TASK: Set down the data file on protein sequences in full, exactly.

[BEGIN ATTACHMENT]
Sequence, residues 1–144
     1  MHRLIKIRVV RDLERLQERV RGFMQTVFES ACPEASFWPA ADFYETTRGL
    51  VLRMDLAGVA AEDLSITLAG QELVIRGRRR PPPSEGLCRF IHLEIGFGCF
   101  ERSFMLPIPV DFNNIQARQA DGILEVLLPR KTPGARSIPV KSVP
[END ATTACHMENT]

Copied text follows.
Sequence, residues 1–144
     1  MHRLIKIRVV RDLERLQERV RGFMQTVFES ACPEASFWPA ADFYETTRGL
    51  VLRMDLAGVA AEDLSITLAG QELVIRGRRR PPPSEGLCRF IHLEIGFGCF
   101  ERSFMLPIPV DFNNIQARQA DGILEVLLPR KTPGARSIPV KSVP